For more than 40 years, despite numerous predictions of its imminent demise, the mainframe has survived. In fact, it has thrived. Today, around 70% of all business data still resides on what many call the dinosaur of server technology.
Mainframes still are critical to the mission of many businesses. That's why many business-technology managers are raising warning flags. One of the biggest concerns is the dwindling number of skilled personnel who can program and maintain mainframe systems as the baby-boom generation of IT pros--those most familiar with mainframes--begins to reach retirement age.
"There was a huge boom in creating mainframe systems in the '60s and '70s, and we always felt they would be replaced," says Robert Stanley, board member at Share, a mainframe-user organization with about 20,000 members, and director of research at Air Traffic Software Architecture Inc. "Much to our horror in some cases, today we've got 30-year-old systems that we thought would have outlived their useful life."
According to Share, the "graying" of skilled mainframe programmers and managers is increasingly creating a "brain drain" that isn't being adequately addressed. For every two mainframe workers reaching retirement age and leaving the workforce, only one new mainframe worker is being added, Stanley says.
"There is a growing concern we are rapidly losing qualified people who understand mainframes, and we are subsequently losing the capability to use the systems, which means ultimately if you can't use them, they'll be left to rust," he says.
A perplexing combination of factors, however, is compounding the ability to add mainframe talent, including companies trying to reduce costs through outsourcing mainframe jobs to independent service organizations or offshore, an increasing but still inadequate infrastructure within universities to teach mainframe capabilities, and what some say is a lack of respect for mainframe talent that's leaving pay and job opportunities lagging behind their value to companies.
Ian Archbell, VP of product management for Micro Focus Ltd., which makes software to improve the deployment and automation of mainframe systems, says pay dynamics in the mainframe world indicate that the situation hasn't yet reached a crisis stage.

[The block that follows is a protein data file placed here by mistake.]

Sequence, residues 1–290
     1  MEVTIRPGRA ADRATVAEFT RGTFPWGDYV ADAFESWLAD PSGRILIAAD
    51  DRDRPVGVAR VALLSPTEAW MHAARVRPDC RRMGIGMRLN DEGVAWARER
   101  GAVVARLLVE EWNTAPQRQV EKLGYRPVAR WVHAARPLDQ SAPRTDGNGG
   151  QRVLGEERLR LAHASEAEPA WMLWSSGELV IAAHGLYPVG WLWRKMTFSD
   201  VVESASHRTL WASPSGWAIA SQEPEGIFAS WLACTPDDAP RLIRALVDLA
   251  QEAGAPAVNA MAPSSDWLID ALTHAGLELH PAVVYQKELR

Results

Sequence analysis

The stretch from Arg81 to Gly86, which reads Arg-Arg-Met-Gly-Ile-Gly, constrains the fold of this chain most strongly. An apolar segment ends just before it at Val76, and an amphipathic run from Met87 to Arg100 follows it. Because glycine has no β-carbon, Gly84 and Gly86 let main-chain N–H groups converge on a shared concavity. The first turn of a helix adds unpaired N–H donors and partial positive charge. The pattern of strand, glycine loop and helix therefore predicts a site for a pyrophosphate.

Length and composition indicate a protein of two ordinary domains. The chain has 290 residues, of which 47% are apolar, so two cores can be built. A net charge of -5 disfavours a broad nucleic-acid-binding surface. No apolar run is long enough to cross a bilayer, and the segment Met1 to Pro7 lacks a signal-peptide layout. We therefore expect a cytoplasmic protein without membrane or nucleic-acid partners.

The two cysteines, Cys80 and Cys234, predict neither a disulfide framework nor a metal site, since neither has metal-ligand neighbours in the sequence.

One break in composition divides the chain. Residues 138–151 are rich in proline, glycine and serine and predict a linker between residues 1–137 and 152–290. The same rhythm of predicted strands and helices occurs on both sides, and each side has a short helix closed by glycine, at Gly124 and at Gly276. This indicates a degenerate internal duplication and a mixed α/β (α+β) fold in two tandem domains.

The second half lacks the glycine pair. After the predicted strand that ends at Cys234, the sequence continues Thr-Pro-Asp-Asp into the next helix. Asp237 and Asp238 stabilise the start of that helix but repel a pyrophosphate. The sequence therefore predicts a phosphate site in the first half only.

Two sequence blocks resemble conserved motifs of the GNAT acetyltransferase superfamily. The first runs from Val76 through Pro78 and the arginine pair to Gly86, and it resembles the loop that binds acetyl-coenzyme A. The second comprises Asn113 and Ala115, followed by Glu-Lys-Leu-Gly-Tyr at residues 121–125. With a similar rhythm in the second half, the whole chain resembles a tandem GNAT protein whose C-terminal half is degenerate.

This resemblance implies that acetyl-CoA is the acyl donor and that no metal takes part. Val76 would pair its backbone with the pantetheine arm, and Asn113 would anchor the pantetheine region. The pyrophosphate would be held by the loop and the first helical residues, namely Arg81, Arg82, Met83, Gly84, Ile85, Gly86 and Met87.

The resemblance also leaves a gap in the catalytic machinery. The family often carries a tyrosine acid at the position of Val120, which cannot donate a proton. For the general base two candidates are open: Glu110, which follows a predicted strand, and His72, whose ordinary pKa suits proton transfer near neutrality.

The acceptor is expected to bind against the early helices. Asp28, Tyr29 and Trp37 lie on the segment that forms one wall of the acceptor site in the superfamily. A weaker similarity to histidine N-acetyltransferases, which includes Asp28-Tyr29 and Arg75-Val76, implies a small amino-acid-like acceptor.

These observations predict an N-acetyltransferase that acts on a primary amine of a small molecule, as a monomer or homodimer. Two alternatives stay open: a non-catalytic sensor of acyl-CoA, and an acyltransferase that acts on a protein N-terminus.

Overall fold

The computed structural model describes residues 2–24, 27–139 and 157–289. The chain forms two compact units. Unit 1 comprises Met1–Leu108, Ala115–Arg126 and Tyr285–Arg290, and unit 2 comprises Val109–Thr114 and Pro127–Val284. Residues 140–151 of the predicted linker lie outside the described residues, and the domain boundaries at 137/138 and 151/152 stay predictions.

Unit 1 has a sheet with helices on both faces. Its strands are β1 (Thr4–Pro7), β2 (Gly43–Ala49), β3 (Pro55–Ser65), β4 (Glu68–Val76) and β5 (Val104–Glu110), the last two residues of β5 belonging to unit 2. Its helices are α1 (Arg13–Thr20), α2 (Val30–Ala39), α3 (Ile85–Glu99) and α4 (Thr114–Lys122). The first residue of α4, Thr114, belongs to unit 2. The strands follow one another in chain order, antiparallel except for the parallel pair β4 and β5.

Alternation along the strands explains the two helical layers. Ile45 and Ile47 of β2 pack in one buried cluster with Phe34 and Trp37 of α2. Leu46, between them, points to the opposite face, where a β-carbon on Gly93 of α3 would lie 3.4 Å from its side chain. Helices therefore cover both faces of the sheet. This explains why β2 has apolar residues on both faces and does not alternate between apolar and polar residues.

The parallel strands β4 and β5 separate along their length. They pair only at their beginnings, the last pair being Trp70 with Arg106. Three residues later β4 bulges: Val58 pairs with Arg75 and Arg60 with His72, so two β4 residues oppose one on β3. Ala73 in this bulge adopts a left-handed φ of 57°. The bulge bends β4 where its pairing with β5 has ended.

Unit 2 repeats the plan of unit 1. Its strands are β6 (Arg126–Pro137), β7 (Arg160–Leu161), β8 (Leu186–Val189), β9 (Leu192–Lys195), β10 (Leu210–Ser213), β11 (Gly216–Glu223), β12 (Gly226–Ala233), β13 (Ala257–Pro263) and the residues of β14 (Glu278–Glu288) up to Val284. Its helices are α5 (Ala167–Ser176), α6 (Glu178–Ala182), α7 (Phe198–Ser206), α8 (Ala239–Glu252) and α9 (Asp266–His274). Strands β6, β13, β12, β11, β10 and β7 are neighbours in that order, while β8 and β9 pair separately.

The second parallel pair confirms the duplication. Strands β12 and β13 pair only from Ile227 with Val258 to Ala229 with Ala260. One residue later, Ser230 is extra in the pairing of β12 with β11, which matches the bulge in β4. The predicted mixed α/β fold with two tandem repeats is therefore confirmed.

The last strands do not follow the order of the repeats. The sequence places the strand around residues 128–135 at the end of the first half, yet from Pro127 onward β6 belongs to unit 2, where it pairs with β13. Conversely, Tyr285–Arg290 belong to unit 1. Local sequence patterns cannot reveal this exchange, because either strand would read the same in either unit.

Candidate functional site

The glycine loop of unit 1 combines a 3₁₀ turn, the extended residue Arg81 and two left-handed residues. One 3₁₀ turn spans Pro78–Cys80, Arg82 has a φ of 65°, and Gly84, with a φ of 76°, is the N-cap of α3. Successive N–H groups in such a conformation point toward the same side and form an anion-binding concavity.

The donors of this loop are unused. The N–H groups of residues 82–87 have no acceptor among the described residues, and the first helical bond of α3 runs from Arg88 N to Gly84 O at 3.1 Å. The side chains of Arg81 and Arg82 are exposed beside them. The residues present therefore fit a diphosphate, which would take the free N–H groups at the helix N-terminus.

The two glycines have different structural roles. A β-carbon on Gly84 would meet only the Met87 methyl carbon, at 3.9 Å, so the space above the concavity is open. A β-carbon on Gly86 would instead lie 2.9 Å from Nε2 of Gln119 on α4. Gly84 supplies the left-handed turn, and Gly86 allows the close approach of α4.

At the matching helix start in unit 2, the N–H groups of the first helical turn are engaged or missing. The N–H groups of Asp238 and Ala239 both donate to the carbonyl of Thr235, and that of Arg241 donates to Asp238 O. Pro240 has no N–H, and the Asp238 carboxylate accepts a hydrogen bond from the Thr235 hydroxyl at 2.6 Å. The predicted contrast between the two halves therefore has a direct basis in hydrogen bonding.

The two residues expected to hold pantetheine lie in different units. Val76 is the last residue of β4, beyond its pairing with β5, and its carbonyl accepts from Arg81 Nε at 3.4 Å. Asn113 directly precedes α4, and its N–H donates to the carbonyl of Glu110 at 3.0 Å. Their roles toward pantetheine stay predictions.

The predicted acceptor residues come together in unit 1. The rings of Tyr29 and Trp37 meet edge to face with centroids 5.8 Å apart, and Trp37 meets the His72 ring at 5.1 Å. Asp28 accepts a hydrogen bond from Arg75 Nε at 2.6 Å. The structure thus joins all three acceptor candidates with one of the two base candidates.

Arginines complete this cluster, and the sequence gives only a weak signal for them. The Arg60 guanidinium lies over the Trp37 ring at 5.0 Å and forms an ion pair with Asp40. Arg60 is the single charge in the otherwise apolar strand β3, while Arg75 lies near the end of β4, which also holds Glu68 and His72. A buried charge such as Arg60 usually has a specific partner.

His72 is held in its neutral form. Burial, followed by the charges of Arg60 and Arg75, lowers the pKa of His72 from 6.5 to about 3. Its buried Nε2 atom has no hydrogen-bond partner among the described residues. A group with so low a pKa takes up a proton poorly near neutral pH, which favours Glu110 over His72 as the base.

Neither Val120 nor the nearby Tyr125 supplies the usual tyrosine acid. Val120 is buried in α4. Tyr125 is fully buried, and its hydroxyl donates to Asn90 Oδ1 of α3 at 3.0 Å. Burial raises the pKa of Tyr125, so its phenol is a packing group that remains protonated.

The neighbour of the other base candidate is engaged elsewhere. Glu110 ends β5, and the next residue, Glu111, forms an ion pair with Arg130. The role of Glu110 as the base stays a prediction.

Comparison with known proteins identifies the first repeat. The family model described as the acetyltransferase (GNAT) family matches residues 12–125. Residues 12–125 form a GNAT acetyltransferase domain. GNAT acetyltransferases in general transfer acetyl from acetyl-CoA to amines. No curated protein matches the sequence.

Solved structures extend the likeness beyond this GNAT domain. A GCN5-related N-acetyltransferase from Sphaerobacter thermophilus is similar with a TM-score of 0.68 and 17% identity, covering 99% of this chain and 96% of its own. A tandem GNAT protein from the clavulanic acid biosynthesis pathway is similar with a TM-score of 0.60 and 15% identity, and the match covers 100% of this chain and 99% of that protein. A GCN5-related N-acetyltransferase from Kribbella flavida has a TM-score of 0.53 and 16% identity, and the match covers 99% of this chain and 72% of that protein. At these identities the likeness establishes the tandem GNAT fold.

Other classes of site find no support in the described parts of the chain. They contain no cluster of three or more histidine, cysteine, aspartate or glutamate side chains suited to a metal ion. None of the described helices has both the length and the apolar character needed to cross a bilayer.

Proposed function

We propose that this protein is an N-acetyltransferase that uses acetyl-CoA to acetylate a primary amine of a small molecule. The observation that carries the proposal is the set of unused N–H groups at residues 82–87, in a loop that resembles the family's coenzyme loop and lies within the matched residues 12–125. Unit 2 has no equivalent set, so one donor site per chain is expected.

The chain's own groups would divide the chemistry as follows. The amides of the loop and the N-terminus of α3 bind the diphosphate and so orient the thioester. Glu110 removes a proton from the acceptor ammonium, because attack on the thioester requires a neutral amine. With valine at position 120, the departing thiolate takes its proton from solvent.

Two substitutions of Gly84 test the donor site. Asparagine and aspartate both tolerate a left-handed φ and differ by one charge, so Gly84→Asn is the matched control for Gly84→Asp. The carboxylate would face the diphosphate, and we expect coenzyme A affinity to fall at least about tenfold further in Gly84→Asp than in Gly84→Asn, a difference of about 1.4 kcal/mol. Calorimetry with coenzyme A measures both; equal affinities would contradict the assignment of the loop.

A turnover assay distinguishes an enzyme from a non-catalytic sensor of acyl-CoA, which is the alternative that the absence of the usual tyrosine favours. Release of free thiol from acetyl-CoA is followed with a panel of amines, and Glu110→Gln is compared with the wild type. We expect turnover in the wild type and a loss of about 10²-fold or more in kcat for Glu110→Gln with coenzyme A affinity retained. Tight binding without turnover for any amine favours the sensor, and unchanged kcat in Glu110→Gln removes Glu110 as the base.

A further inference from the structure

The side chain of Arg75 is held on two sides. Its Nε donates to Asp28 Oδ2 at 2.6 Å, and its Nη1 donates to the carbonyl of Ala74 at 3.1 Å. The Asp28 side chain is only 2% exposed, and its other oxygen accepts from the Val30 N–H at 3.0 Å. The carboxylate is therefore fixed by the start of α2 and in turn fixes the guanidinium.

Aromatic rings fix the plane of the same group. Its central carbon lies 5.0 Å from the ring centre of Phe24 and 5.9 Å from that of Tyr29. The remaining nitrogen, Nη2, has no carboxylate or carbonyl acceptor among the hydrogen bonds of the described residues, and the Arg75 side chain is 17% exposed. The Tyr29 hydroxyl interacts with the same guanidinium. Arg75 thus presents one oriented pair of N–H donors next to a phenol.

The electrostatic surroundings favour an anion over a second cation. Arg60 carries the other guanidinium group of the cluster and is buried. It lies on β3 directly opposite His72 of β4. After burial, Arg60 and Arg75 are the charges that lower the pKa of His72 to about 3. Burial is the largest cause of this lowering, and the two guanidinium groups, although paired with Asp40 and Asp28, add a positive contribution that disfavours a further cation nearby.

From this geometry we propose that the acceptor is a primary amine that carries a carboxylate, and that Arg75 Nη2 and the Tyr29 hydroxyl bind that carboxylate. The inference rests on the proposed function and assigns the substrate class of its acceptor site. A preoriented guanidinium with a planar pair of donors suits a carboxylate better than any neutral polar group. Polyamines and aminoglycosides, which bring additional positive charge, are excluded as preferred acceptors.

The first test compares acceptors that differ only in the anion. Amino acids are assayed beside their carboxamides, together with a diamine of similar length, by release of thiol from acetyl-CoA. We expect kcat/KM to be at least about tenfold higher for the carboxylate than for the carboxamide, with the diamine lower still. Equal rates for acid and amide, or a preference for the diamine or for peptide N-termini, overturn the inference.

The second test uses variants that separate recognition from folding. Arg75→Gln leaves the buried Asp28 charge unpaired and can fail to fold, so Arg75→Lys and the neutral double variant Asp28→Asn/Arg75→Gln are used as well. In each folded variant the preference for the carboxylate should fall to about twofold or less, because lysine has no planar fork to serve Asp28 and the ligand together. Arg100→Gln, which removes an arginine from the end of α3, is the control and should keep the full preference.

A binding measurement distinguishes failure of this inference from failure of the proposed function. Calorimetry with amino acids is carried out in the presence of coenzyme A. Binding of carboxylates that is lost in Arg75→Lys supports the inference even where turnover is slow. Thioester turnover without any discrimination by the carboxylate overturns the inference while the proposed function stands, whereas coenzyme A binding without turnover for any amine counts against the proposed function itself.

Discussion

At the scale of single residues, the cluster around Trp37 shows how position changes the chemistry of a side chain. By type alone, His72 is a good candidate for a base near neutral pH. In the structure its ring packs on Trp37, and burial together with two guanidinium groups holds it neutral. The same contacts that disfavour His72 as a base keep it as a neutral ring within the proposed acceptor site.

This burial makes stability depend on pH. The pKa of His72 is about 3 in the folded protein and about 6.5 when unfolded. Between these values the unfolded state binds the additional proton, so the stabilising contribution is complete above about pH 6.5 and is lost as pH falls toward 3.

"If this were actually a killer issue, you'd find the average Cobol programmer's salary wouldn't be under $100,000, but would be $200,000 to $250,000," he says. "The problem isn't quite as bad as it seems. There are thousands of new Cobol programmers in India, China, and the Philippines."
Bruce "Bru" Tiss, who has worked on mainframes for 40 years, says he understands the competitive and capital pressures that lead companies to outsource mainframe talent. But outsourcing isn't a panacea and leaves a sour taste in the mouths of many being displaced, he says.
Tiss works for a California health-insurance company with 38,000 employees. This summer, the company plans to outsource its mainframe organization to IBM Global Services. "That's how companies are dealing with the brain drain--they're making it someone else's problem," he says. "In the last couple of years, we've outsourced a lot of jobs to India, and I spend a large amount of my time picking up after them because they just don't have the experience. It's a real attitude-buster to be training people to take our jobs."
At age 58, Tiss says he'll retire within the year. He had expected to begin getting other job offers as his tenure at his current company ended. But that hasn't proven true. "With such a shortage of people in this particular industry, why don't they just get gobbled up?" he asked. "They should have companies falling all over themselves to pick them up. Another indicator to me of just how tough this market is, is that over the past 18 months I've gotten zero calls from headhunters."
Historically, many mainframe applications have been tailored for a company to most efficiently complete necessary jobs, such as handling millions of transactions daily. With outsourced talent, companies will be forced to use "as-is" services or pay substantially more to have those apps fine-tuned for specific uses, Share's Stanley says.